Lack of the dark skin pigment, melanin, on some parts of a horse’s body can lead to sunburn or skin…
The ultraviolet (UV) index is a measure of the damage that sunlight can cause to sensitive skin. Although the index differs from season to season, it’s particularly high on cloudless winter days when the air is dry.
Melanin is a dark pigment that protects the skin against UV light. The pink-coloured skin around the eyes, nose and genitals is therefore most likely to be burnt. Sunburn is a Type 1 photosensitivity; Type 2 photosensitivity can be caused through contact with chemicals or plants that irritate the skin; and Type 3 is due to liver damage.
In early cases of sunburn, areas of pink skin become red and painful to the touch, and severe cases show peeling, cracks, oozing blisters and scabs. Over time, the skin damage can result in squamous cell carcinoma, which is a rapidly growing cancer that is difficult to treat and inclined to metastisise.
Breeding with horses that have minimal areas of white skin on their faces, legs and genitalia will decrease susceptibility to sunburn.
Horses will protect themselves against sunburn by moving into the shade on sunny days, so shade-cloth shelters should be built if paddocks lack trees.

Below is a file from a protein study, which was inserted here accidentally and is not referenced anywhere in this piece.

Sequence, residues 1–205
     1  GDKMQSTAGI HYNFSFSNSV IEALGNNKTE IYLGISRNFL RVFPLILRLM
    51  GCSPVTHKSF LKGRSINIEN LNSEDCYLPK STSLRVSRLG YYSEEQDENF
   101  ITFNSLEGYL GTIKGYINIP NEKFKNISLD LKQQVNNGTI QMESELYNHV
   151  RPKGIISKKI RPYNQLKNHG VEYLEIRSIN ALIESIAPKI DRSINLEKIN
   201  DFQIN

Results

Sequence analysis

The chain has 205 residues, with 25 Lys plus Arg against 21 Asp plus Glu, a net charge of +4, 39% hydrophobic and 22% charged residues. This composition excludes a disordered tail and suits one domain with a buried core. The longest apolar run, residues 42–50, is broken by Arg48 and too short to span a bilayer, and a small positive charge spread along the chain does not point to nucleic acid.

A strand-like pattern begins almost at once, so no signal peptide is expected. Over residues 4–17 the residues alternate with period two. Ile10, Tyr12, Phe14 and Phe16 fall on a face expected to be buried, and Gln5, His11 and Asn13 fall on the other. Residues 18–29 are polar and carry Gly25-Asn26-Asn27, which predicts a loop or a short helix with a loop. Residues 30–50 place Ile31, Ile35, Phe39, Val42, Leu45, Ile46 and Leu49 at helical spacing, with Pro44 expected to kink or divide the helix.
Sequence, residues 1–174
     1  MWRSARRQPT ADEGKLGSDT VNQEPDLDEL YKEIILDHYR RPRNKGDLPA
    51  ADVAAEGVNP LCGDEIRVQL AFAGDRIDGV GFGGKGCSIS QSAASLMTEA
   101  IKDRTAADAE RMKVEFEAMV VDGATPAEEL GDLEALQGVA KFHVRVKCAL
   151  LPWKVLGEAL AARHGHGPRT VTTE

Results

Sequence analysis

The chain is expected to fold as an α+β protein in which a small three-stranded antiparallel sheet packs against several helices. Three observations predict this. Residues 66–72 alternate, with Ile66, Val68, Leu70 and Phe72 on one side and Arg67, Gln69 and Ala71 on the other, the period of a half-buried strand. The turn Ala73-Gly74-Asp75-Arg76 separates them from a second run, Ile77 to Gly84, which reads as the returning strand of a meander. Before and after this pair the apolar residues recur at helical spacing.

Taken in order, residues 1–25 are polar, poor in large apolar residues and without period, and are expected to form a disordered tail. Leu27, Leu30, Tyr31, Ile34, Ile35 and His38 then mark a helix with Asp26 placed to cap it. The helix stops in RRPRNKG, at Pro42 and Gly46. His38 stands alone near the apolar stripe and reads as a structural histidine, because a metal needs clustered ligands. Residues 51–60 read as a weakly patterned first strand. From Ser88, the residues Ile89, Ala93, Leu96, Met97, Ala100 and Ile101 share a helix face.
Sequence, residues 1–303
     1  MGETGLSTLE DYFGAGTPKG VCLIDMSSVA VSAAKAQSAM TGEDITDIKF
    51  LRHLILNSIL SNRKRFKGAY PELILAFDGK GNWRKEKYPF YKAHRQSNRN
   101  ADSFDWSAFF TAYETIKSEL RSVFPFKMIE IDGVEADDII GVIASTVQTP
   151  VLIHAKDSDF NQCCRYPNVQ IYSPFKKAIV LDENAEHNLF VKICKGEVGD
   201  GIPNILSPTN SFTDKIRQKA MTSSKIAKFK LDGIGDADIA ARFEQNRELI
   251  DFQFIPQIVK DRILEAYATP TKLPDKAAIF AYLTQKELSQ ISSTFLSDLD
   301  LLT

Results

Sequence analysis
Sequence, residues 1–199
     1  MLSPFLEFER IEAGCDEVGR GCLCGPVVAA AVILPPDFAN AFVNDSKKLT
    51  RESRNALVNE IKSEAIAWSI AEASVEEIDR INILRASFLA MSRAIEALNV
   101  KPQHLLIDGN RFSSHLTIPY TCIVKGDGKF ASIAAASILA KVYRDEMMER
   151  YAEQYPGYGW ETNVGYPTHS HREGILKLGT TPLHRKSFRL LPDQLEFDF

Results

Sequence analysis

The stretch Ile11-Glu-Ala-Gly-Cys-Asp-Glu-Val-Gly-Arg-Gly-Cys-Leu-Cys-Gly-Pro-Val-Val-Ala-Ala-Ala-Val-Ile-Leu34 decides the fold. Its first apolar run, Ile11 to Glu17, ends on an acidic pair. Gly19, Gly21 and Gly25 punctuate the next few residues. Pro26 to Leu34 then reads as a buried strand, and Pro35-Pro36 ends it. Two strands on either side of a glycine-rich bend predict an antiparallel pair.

A UV-resistant face-mask, blanket or fly-sheet can be used for horses with large areas of unpigmented skin. Sun lotions formulated for humans can also be effective, but are expensive.
A cheaper alternative is zinc oxide; it is highly effective if rubbed in well on pink skin, particularly on the nose, two or three times a week. Some vets suggest tattooing the areas of pink skin, while others oppose this vociferously.
In my experience, it’s quite difficult to inject sufficient dye to prevent sunburn, unless the area of skin is very small.
Severe cases of sunburn should be treated symptomatically by a vet, as there may be a secondary Type 1 allergic (wheal and flare) reaction, or an infection that will have to be addressed as well.
Cortisone and non-steroidal anti-inflammatory drugs, as well as antibiotics, may be needed.
Early skin cancer lesions can be burnt off using local anaesthetic and a tranquilliser. In some cases, general anaesthesia may be necessary.
Serum samples can be used to diagnose whether there is an underlying liver condition caused by plant poisoning.
Other types of burn
Poison ivy is an example of a plant that causes secondary photosensitivity through contact. Other plants such as Senecio and lantana can cause liver damage and tertiary photosynthesis.
Type 3 photosensitivity can also result from ingesting blue-green algae in contaminated water or fungal toxins in hay or concentrate rations.
Even treatment with tetracycline or sulphonamide stock remedies can result in tertiary photosensitivity.
Dr Mac is an academic, a practising equine veterinarian and a stud owner.
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